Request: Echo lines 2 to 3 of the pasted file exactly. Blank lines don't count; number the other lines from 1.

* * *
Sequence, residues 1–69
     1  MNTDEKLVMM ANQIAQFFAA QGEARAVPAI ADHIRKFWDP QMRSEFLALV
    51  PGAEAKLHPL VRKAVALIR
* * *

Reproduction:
     1  MNTDEKLVMM ANQIAQFFAA QGEARAVPAI ADHIRKFWDP QMRSEFLALV
    51  PGAEAKLHPL VRKAVALIR